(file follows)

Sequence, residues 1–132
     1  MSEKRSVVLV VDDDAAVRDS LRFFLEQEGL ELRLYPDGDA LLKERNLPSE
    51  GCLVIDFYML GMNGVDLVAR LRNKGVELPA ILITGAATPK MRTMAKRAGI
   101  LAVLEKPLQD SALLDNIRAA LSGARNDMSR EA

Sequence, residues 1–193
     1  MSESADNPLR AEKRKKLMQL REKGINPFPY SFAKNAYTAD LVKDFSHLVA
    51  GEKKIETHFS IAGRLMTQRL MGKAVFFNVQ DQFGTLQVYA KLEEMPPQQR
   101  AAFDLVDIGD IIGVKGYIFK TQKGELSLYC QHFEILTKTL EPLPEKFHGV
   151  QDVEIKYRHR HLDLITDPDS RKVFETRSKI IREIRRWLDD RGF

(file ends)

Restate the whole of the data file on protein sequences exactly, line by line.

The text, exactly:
Sequence, residues 1–132
     1  MSEKRSVVLV VDDDAAVRDS LRFFLEQEGL ELRLYPDGDA LLKERNLPSE
    51  GCLVIDFYML GMNGVDLVAR LRNKGVELPA ILITGAATPK MRTMAKRAGI
   101  LAVLEKPLQD SALLDNIRAA LSGARNDMSR EA

Sequence, residues 1–193
     1  MSESADNPLR AEKRKKLMQL REKGINPFPY SFAKNAYTAD LVKDFSHLVA
    51  GEKKIETHFS IAGRLMTQRL MGKAVFFNVQ DQFGTLQVYA KLEEMPPQQR
   101  AAFDLVDIGD IIGVKGYIFK TQKGELSLYC QHFEILTKTL EPLPEKFHGV
   151  QDVEIKYRHR HLDLITDPDS RKVFETRSKI IREIRRWLDD RGF